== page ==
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Make Sure Your Employees Make the Connection

Employee duties and how well they are performed are directly linked to your company’s profits. But staff members aren’t always clear on how their jobs translate into a healthy bottom line. It’s important for employees to understand how their individual duties fit into your company’s big financial picture.

Here are a couple of ways to ensure that your staff members keep the company’s bottom line in mind:

  • Ask each employee to write his or her own job description to explain how that employee makes money for the firm. Supervisors can help staff members fine-tune these descriptions. In time, managers and their staffs will be able to discuss each work assignment in terms of how it relates to company profits.
  • Urge every employee to write a brief description of what your company makes or sells. Ask them to cast their descriptions in terms of various company goals, such as quality, customer retention and increased customer referrals.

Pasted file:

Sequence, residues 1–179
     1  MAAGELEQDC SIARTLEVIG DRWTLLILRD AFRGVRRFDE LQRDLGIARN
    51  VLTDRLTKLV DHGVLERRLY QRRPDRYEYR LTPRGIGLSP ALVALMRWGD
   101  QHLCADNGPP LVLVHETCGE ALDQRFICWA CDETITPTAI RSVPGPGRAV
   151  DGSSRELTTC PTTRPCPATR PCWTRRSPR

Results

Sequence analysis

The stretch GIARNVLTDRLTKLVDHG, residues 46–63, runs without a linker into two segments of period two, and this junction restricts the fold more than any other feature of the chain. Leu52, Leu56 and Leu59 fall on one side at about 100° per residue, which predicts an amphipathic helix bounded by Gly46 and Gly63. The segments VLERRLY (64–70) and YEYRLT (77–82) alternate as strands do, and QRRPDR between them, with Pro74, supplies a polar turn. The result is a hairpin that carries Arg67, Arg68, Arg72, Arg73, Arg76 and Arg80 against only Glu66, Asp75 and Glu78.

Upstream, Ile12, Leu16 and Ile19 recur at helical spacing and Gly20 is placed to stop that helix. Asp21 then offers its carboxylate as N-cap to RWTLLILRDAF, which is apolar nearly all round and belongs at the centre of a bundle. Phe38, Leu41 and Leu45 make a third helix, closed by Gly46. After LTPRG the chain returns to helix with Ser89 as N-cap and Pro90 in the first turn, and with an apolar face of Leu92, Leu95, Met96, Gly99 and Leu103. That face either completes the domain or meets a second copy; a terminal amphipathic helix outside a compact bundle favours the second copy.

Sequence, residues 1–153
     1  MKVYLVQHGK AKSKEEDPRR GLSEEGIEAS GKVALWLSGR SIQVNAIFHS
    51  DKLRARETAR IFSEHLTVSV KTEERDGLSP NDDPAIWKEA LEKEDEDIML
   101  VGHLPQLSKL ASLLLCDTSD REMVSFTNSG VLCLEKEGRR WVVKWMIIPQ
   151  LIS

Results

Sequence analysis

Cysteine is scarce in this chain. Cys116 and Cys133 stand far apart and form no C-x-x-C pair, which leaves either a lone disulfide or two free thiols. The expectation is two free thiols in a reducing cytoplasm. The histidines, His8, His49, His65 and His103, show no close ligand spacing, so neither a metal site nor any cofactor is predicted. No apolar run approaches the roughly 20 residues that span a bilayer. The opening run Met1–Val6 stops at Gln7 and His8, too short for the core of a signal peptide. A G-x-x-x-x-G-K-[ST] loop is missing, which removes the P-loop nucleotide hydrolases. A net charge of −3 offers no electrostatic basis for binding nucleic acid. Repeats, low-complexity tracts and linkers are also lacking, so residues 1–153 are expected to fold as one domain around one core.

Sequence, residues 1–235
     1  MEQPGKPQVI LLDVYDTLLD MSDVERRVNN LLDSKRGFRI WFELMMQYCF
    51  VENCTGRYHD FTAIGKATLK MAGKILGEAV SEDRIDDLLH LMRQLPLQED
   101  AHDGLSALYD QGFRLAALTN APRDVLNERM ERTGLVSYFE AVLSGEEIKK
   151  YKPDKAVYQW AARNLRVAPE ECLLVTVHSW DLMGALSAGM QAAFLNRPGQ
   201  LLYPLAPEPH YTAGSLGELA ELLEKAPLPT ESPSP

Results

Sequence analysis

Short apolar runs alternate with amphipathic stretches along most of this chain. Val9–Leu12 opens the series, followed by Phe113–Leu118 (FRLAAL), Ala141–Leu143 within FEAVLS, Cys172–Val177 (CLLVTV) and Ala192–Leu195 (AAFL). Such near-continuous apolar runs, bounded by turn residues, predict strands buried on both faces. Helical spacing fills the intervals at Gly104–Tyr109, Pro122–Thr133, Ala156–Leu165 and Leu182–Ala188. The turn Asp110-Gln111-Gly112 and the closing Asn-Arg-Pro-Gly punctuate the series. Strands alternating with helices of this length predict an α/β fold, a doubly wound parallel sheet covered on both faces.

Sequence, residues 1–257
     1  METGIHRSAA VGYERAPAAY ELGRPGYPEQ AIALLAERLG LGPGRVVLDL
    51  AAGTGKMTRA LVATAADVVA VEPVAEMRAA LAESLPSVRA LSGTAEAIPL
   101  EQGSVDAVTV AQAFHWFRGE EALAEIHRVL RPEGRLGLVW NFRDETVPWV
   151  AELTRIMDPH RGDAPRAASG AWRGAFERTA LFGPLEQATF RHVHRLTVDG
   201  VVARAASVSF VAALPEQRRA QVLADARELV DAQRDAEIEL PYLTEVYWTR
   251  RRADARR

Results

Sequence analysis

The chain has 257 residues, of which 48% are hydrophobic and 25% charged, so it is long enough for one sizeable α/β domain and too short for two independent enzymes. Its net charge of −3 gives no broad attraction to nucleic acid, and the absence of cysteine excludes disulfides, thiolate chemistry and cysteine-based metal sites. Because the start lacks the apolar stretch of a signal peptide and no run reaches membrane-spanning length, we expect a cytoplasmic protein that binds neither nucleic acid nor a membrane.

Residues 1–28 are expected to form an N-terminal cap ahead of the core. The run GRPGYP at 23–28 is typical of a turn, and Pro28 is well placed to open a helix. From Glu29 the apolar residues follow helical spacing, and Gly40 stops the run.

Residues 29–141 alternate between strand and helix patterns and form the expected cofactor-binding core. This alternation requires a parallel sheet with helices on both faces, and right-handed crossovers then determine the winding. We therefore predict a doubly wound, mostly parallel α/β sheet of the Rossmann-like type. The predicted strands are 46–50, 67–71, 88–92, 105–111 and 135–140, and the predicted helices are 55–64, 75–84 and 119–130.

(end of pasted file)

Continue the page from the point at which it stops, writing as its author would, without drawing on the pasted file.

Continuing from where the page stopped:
Make your employees aware that these exercises aren’t just busywork, but that you value their ideas and notions about how they contribute to the firm’s financial success.

For that matter, you can turn the project into a contest. Consider giving an award for the top three entries, perhaps a lunch out or a night on the town. It’s a great way to motivate employees to earn more money for the company — and ultimately for themselves.

Create New Profit Centers

Don’t be satisfied with the money you’re earning from your core business activities. Make a list of ways that you can squeeze extra profit from every facet of your operations. Here are just a couple:

  • Encourage sales and front-counter staff to jot down the questions that customers ask most often. Then, train your staff to answer those questions uniformly. You’ll get more repeat business, as well as vital information you can use to add value to your products.
  • Train line managers to measure the time it takes to perform various tasks. Based on that information, calculate a reasonable average time per job – allowing, of course, for emergencies and breakdowns — and urge employees to perform within those deadlines.